Playing the Name Game: Sometimes, It's a Losing Effort
Sep 24, 2007 4:00 AM PT
With all the games people play with Internet company names, it's quite possible that someday no one will be able to spell anything correctly ever again.
Perhaps it's already happening. Ever wonder how many times gross misspellings like "Del.icio.us" or "Flickr" show up on eighth-grade spelling tests? Besides wreaking havoc on this country's educational efforts, is there a reason for all these ridiculous names and spellings?
"Certainly the dominant naming trend with Web 1.0 was descriptive names, and nearly all of those companies went belly-up, since it's nearly impossible to build a compelling brand from a descriptive name," Jay Jurisich, cofounder and creative director of the naming and branding agency Igor, told the E-Commerce Times. "Now the search is on for memorable names, but many companies are so poorly named that they rapidly disappear into oblivion."
Following the Flock
Naming companies, like naming newborn infants, tends to follow set patterns, which leads to a crowd of the same-named duly sheared of their individuality.
The prevalence of double vowels in Internet companies, for instance, especially the double-o combo employed years ago by both Google and Yahoo, is thus a resounding cop-out in the naming game.
"Nothing betrays faster the message of 'we're different and unique' than having a name that is overtly similar to competitor names and already successful companies," says Jurisich.
From Blish to Zoozio
The list of forgettable names is long, corny, and meaningless -- except maybe in terms of learning from the fallen. Blish, Colib, Diigo, Eskobo, Gliffy, Gootodo, Goowy, Meebo, Noodly, Otavo, Oyogi, Qoop, Renkoo, Skobee, Tioti, Trumba, Woomp, Wrickr, Zlango and Zoozio are but a few.
"How in hell are you supposed to remember, or even care in the first place, what Eskobo does, what makes Renkoo special, and what differentiates Otavo from Oyogi from Qoop?" asks an exasperated Jurisich.
This bizarre avalanche of bad names comes from a single source: the elusive URL.
"Companies tend to prefer less appealing, less effective names in order to get a freestanding URL. They often will abandon a great name if they can't have a matching URL. This is a huge mistake," S.B. Master, founder and president of the naming firm Master-McNeil, told the E-Commerce Times.
"All of the names in the Blish to Zoozio list cited above are examples of 'what were they thinking?' and what they were thinking was this: We must have a domain name that matched exactly our company/product name," agrees Jurisich. "But, the success of Google has made this issue irrelevant."
In short, people rarely search using company names, instead they use keywords. Thus, the URL is of far less importance than it used to be. "For some pure-play Internet companies, it makes sense to have an exact match domain name," says Master. "But for most, it simply doesn't matter much anymore."
From Google to Yahoo
Google has succeeded and achieved ubiquity by having the right kind of invented name. "It's poetic, fun to say, and has nice visual appeal," says Jurisich. "It is a name that maps to an actual word/phrase in our culture (a play on the number 'googol,' or ten to the hundredth power); arrived on the scene early; and, is backed up with an excellent product."
To replicate Google's success, at least three of those four things must be in place. In the case of naming a search engine, arriving early is clearly already off the table.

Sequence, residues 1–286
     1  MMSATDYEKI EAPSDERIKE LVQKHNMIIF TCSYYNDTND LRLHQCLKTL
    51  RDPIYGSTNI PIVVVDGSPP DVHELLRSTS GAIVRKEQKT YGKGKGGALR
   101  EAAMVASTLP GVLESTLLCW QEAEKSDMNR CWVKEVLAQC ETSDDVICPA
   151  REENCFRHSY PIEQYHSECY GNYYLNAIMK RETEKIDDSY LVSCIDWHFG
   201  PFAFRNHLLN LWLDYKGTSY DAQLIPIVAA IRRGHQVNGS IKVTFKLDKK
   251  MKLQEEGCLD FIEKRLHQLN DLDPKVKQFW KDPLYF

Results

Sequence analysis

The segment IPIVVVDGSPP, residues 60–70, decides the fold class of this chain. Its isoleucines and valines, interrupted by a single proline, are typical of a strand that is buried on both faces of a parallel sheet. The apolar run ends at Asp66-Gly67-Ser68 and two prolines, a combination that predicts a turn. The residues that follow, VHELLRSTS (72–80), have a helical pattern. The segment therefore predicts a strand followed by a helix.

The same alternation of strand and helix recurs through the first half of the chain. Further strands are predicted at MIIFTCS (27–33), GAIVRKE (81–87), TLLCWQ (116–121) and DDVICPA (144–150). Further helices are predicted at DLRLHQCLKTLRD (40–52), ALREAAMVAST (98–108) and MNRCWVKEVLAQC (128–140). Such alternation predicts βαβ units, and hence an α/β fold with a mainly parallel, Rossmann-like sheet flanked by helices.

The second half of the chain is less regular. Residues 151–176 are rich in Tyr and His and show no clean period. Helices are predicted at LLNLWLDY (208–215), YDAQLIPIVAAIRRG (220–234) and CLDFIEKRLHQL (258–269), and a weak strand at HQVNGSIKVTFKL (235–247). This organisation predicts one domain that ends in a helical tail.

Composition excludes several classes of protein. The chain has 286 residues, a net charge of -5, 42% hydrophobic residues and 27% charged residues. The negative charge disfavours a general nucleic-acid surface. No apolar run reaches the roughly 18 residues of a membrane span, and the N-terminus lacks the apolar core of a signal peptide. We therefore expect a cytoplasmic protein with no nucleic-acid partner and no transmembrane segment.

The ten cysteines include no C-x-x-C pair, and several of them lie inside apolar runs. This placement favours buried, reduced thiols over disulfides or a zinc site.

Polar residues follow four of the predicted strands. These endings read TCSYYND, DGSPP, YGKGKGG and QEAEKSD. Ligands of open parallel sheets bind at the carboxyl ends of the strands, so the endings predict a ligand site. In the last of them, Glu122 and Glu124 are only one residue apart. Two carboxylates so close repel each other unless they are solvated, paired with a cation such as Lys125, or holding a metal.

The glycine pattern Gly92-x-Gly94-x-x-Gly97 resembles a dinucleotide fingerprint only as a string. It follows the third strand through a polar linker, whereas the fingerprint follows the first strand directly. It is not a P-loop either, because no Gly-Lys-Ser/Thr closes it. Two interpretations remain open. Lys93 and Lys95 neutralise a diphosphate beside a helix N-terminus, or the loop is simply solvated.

"Too many Web 2.0 startups these days fail to grasp this, and saddle themselves with names that lack poetry, map to nothing on Earth, and have arrived late to the game and are blending in with the thousands of other Web 2.0 names battling upstream to the same spawning grounds," adds Jurisich.
Microsoft took a slightly different tack and built its name around its target audience: non-technical users. "Microsoft started with a branded product name that could be pronounced as if it were a household word -- DOS," Dirk Coburn, director of Client Services at Leadership Forum, told the E-Commerce Times. "Microsoft then went on to adopt a product brand that actually is a household word -- Windows -- co-opting a term that technical users recognized from Unix."
Yahoo -- a name that seems to relate to nothing the company actually does, is another resounding success in the name game. According to Yahoo's official corporate history, the Web site started out as "Jerry's Guide to the World Wide Web" but eventually was renamed Yahoo, an acronym for "Yet Another Hierarchical Officious Oracle." But the founders insist they selected the name because they liked the general definition of a yahoo: "rude, unsophisticated, uncouth."
So how did Yahoo succeed in offering a sophisticated product under such a backwoods, unrelated name? By ensuring the same four elements that Google employed are firmly in place.
The Mighty Moniker
"I think the problem is that companies have to work so hard at setting up everything from accounting to janitorial services, that when they get around to naming the company or product, they think it's time to have fun," says Master. "Naming is definitely more fun than, say, choosing a phone plan, but it deserves far more effort than management kicking back over a six-pack and tossing around top-of-the-brain ideas."
Choosing a name and an identity is serious business requiring a disciplined approach.
"Create a strong brand around a powerful, meaningful, evocative name, and then use a second, modifying word that makes sense for the domain name and optimize the site well for the search engines," advises Jurisich.
What goes into naming a tech company or product, then, is pretty much the same as any company or product, "except that domain name considerations have the potential to derail the project and need to be carefully considered and reconsidered" says Jurisich.